The company I work for rents office space, and we have recently had fiberglass insulation coming through the air vents, often in largish chunks (think dust bunnies that you'd find under a bed after a year of not cleaning). At first I thought this was merely an inconvenience, until I realized that there were also innumerable tiny particles that I couldn't see, which I was most certainly breathing.

I drafted a letter to the building owner, which our company's president sent. They sent people to look at the HVAC unit on the roof directly above our (top-floor) office, and claimed to have found and cleaned up the problem, but they did nothing about cleaning the air vents or cleaning up the office.

I have been wearing a 3M respirator, which seems to be effective, but it looks silly in an office environment and it is annoying that I have to wear it.

No one else seems to be concerned about the problem enough to do anything*. What should I do?

*Update: since my posting this, the president has informed the building owner that the HVAC people have not solved the problem. He (the building owner) has sent a maintenance person with a ladder to climb up and inspect the vents and see what he can do. That is happening right now, but seems like an exercise in futility. It's hard to see how anything less than a thorough cleaning of the air ducts could possibly solve the problem.

In response to the close votes:

Could someone explain why this is off topic? The current close reason doesn't make sense to me, since

  • This question is not asking about company-specific rules.
  • This question does not ask for legal advice.
  • This is not asking aboutt a specific company or position.
  • 5
    OSHA has limits on fiberglass exposure in the workplace. osha.gov/dts/chemicalsampling/data/CH_242120.html They have info on your rights and filing a complaint here: osha.gov/workers/file_complaint.html
    – Sean
    Feb 2, 2017 at 13:58
  • 2
    Hard to believe no one else seems to be concerned about the problem.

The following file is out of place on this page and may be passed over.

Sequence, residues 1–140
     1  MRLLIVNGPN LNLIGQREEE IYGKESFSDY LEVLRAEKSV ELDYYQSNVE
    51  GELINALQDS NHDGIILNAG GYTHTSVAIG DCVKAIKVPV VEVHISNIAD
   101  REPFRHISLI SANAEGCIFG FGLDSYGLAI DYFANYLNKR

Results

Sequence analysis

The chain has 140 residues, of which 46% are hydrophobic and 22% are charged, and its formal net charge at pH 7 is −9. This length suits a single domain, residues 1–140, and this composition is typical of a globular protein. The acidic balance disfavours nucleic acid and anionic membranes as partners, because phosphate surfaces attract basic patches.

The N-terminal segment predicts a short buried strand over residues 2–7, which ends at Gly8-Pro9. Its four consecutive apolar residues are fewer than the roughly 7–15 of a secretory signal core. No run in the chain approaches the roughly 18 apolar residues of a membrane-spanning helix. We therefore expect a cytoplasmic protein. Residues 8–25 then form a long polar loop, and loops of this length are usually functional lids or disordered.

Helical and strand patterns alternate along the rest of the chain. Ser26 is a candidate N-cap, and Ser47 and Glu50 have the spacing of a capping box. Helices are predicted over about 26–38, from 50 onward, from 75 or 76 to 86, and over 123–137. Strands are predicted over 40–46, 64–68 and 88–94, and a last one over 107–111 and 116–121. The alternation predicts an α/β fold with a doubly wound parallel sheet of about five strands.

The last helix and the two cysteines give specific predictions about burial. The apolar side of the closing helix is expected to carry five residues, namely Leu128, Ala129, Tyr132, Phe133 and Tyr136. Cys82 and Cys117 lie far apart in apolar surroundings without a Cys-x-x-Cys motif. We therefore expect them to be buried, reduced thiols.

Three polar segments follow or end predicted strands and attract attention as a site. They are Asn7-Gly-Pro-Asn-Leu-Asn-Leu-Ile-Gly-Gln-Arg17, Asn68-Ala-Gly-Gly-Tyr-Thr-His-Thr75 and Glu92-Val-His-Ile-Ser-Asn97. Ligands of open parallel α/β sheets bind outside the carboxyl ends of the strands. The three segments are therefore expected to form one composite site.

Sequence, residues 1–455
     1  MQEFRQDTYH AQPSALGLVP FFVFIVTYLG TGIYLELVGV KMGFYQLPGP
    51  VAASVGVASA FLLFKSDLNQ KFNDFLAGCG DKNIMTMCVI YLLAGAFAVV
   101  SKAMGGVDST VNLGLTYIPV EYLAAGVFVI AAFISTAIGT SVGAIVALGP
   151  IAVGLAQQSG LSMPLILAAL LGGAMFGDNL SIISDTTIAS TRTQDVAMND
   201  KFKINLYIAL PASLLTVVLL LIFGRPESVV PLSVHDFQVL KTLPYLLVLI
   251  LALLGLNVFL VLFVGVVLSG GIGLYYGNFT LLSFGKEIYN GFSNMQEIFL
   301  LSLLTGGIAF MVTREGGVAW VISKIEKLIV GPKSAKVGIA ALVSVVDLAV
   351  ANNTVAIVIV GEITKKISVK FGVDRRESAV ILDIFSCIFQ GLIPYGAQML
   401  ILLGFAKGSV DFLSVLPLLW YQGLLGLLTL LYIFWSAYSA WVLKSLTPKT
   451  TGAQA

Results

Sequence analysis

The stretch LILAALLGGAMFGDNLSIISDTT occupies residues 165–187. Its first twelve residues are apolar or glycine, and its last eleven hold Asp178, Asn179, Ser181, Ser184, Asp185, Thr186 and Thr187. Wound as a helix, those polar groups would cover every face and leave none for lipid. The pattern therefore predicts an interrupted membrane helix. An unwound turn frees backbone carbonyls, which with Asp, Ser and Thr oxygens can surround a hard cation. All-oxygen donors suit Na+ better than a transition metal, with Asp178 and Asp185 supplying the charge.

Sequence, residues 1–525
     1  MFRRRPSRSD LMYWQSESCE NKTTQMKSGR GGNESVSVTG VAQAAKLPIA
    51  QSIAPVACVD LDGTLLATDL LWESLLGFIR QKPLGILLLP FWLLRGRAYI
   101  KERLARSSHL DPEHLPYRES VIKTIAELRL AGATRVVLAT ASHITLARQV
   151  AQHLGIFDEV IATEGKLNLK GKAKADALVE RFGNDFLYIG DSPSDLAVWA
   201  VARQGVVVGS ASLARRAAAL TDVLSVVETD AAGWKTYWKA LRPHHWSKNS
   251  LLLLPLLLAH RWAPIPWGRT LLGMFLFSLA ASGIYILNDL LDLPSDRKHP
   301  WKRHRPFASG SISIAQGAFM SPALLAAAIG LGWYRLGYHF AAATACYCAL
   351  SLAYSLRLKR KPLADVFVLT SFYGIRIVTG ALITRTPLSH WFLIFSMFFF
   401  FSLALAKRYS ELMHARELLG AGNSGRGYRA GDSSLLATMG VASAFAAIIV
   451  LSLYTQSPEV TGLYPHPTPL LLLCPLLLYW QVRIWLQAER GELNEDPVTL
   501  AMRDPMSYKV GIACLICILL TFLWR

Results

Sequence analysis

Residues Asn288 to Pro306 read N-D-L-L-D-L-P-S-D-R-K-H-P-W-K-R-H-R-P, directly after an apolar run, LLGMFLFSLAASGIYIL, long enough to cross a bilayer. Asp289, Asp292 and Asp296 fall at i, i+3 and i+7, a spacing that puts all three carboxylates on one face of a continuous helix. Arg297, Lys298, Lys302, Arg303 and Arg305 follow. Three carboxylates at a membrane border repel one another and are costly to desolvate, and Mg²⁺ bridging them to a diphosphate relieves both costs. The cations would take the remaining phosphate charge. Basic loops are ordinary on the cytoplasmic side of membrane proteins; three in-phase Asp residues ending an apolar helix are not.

– paparazzo
    Feb 2, 2017 at 17:27
  • 5
    If you're aware of a way that a single person with no special equipment other than a ladder can clean out a network of air ducts, I would like to know about it.
    – iconoclast
    Feb 2, 2017 at 19:13

2 Answers 2


It seems like you're stuck in this cycle:

  1. You report problem
  2. Owner "fixes" it
  3. You confirm that it was effective
  4. If the problem really is fixed, thank the building owners for their help. If not, return to step 1.

You're currently on your second trip through this, stuck on step 2 - the latest "fix" isn't complete yet. I don't think there's much else for you to do at this point. If the building owners are currently in the process of having their maintenance people look at it, then you just have to wait and see if it actually gets resolved.

In the meantime, you could also ask your manager if he/she would be okay with you working remotely, if possible for your line of work, or at least temporarily moving to a less affected area of the office.

You noted:

No one else seems to be concerned about the problem enough to do anything

It doesn't seem like this matters, since the company president did communicate with the owners on your behalf. Whether or not your colleagues are complaining doesn't really matter. You already have the company president on your side.

Try to be understanding and patient as long as the owners are being responsive to your complaints and seem to be honestly working towards a solution.

If you find yourself (meaning both you and your company) going through this cycle multiple times, then it's up to you and your management to decide whether to pursue legal action (in many countries, landlords have a legal obligation to maintain their leased properties), or consider finding a new office space.

If at some point your management stops advocating for your health and safety, then the entire situation changes. Right now, it's basically a landlord vs. tenant issue since you and your higher management are on the same page. If that stops being the case, then it's you vs your management and that's an entirely different question that I'm not going to attempt to address here.


If you are in the US, report the problem to OSHA. If you live elsewhere, look to see if you have a government agency that regulates occupational safety.

  • 1
    What is likely to happen once a problem is reported to OSHA? What will be the consequences for the company I work for? How will this affect our relationship with the building owner? Will they actually accelerate a solution, or merely penalize the owner and make a bad situation worse? How much time and energy and documentation will this demand on our part?
    – iconoclast
    Feb 2, 2017 at 19:05
  • 1
    They will require the problem to be fixed and the building owner may be fined.
    – HLGEM
    Feb 2, 2017 at 19:54
  • Not sure about USA scpecifics, but OSHA and equivalent agencies work on employer-employee relation. They can fine the company - not the building owner - and prevent it from use that building as a working place, if it's deemed unsafe for workers.
    – Pere
    Sep 6, 2018 at 17:51

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